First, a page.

A photocopy of this document is in the Navy Department Library.
The principle upon which radar operates is simple. Briefly, it consists of sending out a short pulse of radio energy and receiving a portion of the same energy reflected back by objects in its path.
The energy sent out by a radar set is the same as that transmitted by ordinary radio. But unlike an ordinary radio set a radar set literally picks up its own als.
Thus the radar set transmits a short pulse of energy, receives its echoes, then transmits another pulse and receives its echoes. This out-and-back cycle is repeated from 60 to times a second. The extremely short time interval between the sending of the pulse and the reception of its echoes can be measured very accurately--even to one ten-millionth of a second. Since the speed at which the radio energy travels is known it is the same as that of light the range of any reflecting object can be obtained.
Furthermore, the transmitted energy is focused in a beam which can be pointed in any chosen direction.
Hence the bearing of a reflecting object is also obtained. The echoes received by the radar appear not as sound als, as is the case with ordinary radio, but as marks of light on a flourescent tube.
The face of the tube--or scope, as it is usually called-may be marked with a scale of miles, or degrees, or both. Hence from the position of any al on the scope an observer can tell at a glance the range and direction of the corresponding target. The three commonest types of scopes are shown in the sketch at the left.
Just as there are different types of scopes, there are many kinds of radar sets. They vary in size from those that can be carried by hand to those that weigh several thousand pounds.
The de of a radar set depends upon the job it is intended to do, and radar serves many functions. The chief of these are described in the following s. Circle on scope marks mile radius.
Note correspondence with geodetic chart insert. Such definition, of course, is useful as an aid in of planes and ships, in observing the movements of ships and convoys, in detecting targets at night, in shelling or bombing enemy vessels or coastal targets, or in mapping work. This PPI scope has a flourescent screen so made that the als from reflecting objects will persist for a few moments.
Other types of scopes are shown on the following s, illustrating some of the chief uses of radar. For most of these functions, several radar sets are now available.
Details of de, operation and performance of specific sets are listed later in the book. It can be used to locate enemy units in night battles, to maintain convoy formation and to navigate.
Accurate and continuous determination of range rate allows the gunnery officer to alter fire to take into the enemy ship's change in course. These sets can direct patrol craft to unidentified ships, can guide friendly ships through mine fields or fog, and can as any targets to other radars having the specific function of coast artillery gun-laying. Enough warning is given to allow fighter planes to take off, thus eliminating the need for a standing air patrol.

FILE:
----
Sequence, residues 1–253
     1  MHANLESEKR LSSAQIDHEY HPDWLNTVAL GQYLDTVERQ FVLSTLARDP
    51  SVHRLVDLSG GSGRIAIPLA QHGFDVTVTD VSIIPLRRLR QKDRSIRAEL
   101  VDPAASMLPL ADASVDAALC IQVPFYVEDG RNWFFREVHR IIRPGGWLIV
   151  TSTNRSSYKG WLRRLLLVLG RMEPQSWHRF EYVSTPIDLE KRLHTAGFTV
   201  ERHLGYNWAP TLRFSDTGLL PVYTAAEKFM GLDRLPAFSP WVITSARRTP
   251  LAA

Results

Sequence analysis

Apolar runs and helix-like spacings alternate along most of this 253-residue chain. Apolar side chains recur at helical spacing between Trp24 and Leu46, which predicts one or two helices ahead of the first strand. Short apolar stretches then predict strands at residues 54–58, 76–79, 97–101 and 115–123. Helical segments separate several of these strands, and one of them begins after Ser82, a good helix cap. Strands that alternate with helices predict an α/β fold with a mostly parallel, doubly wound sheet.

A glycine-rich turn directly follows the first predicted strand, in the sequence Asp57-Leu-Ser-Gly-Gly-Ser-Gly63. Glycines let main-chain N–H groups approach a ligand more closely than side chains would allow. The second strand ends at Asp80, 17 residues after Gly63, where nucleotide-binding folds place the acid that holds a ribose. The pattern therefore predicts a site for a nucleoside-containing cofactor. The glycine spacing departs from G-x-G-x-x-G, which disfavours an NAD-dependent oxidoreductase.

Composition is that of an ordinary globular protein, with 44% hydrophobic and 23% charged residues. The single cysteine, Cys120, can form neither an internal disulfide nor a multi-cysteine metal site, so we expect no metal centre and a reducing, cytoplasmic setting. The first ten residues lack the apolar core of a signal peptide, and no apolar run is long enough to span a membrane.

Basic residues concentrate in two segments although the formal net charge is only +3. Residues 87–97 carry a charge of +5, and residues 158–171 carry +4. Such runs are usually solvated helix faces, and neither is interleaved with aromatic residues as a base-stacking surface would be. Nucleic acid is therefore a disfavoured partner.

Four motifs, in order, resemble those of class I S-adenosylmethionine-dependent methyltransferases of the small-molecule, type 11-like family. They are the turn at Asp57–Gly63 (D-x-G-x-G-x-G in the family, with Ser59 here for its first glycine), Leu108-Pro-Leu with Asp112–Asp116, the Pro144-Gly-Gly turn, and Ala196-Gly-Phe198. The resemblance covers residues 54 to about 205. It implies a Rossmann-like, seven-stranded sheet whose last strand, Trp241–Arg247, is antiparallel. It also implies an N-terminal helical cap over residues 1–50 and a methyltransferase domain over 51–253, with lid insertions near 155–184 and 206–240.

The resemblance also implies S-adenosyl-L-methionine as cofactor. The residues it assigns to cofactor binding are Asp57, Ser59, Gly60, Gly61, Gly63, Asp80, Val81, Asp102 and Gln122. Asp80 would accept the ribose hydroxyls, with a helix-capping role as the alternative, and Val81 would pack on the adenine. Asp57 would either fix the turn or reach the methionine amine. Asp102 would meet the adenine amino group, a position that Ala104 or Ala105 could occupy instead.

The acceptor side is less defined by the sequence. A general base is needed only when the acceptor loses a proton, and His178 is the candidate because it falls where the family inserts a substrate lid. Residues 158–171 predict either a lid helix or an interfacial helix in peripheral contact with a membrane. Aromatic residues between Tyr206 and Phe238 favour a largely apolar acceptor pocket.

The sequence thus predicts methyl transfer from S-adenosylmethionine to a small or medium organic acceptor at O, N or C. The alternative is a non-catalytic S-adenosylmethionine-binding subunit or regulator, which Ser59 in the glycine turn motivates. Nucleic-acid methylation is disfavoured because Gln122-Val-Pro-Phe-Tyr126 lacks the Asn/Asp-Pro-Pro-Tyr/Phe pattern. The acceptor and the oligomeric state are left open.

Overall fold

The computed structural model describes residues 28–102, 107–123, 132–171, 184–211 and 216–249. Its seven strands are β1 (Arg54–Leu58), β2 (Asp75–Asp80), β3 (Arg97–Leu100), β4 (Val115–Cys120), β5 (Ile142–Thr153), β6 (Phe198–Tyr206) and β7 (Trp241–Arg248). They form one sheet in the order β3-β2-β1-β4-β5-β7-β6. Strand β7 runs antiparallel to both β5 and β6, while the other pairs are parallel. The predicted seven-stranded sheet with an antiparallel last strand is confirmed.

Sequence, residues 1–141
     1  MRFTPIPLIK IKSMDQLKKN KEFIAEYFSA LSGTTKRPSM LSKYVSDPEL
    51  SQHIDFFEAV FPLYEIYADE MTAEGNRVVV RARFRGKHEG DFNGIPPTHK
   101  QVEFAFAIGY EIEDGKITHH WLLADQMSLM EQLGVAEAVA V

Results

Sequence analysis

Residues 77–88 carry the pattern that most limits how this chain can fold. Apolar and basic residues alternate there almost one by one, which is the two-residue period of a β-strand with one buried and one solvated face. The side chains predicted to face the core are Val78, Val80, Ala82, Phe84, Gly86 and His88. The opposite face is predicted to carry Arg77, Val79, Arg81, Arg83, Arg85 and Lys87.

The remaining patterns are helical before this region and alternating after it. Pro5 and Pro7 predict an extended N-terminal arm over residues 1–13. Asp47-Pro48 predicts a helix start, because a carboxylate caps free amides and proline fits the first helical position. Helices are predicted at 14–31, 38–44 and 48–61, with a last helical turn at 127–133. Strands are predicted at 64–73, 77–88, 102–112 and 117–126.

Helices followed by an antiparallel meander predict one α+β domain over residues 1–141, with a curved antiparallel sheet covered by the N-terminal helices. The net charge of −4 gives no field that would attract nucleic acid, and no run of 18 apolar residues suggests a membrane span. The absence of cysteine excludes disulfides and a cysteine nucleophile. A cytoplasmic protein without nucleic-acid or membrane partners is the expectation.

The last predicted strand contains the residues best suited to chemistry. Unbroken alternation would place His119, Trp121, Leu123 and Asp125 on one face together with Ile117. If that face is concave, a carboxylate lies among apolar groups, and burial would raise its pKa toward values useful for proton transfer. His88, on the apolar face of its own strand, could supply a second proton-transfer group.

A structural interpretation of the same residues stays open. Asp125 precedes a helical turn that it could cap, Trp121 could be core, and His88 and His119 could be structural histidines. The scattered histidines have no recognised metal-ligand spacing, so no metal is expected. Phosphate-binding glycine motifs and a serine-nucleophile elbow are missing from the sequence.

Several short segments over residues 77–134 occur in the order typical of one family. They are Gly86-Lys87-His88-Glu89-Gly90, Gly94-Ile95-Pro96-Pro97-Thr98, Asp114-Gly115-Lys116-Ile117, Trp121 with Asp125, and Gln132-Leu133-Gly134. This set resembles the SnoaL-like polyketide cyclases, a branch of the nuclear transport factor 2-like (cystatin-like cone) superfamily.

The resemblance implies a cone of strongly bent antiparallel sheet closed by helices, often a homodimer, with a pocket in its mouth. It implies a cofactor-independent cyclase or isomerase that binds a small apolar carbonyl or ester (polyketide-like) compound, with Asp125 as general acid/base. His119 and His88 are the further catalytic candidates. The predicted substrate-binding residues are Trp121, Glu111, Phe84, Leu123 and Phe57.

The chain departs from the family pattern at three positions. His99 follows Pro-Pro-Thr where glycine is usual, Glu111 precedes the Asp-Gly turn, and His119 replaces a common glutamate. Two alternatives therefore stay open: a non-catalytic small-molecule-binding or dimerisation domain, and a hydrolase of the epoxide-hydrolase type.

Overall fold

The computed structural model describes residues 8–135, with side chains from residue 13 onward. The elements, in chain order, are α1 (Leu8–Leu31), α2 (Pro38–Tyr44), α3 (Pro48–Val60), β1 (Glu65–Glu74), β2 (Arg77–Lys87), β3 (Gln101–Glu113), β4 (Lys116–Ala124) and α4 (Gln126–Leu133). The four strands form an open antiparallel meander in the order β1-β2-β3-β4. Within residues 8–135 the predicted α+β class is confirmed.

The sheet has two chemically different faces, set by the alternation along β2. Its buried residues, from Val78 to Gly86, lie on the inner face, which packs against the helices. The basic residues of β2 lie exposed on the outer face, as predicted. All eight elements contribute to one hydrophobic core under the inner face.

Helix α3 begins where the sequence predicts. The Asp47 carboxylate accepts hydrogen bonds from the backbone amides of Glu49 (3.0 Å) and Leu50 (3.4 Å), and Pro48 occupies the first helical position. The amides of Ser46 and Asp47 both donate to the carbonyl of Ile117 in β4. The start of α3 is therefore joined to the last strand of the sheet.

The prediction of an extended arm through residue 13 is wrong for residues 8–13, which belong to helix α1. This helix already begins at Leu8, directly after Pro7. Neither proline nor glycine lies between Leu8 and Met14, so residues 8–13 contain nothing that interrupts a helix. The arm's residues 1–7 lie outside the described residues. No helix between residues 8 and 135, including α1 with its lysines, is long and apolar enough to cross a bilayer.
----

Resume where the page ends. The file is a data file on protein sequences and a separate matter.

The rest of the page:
MOBILE RADAR provides range for anti-aircraft guns, day or night, more accurately than optical height finders, and can give continuously and automatically the elevation and azimuth of target regardless of its visibility. From this range the fighter can, in daytime, complete the interception visually, or at night, the fighter can track the target to gun range by means of another radar set AI carried in his own plane.
A CGI should direct a nightfighter to within 20, feet of the target, at which point the nightfighter's radar AI will permit tracking until the enemy plane is within firing range. At feet a plane with SCR can detect a 10,ton ship 45 mi.
A key for sending messages can be used with portable sets. Another device Loran enables ships to find their position to within 1 mile, as far as miles from shore. Because of the clear definition between land and water provided by radar, as is illustrated in the scope photo of an island on 3 of this book, important al aid can be given planes or ships at night, in fog or storm; e.
Low-level altimeters measure from to 5 feet. Other radar altimeters can measure absolute altitude as high as 40, feet.
As has been seen on the s, radar can be useful in almost any military situation. But the successful use of radar demands an understanding of its properties.
Radar has several inherent limitations: it cannot "see" under water, for example, nor very far beyond the line of sight. Its range is affected to some extent by atmospheric conditions.
Radar sometimes records als from clouds, which to an inexperienced operator resemble als from aircraft or ships. It is still a new weapon, rushed through production and into field use in so short a time that frequent instances of faulty operation and breakdown are encountered. Further, the performance and operation of individual radar sets vary greatly.
The most important factors in the performance of a set are the wavelength used and the proficiency of the operating and maintenance crews; in the set descriptions which follow the range of wavelength is indicated. Sets in the shortest wavelength range are called microwave. Those employing the longest radar wavelengths which are still shorter than the waves used by high-frequency radio communications are deated long wave.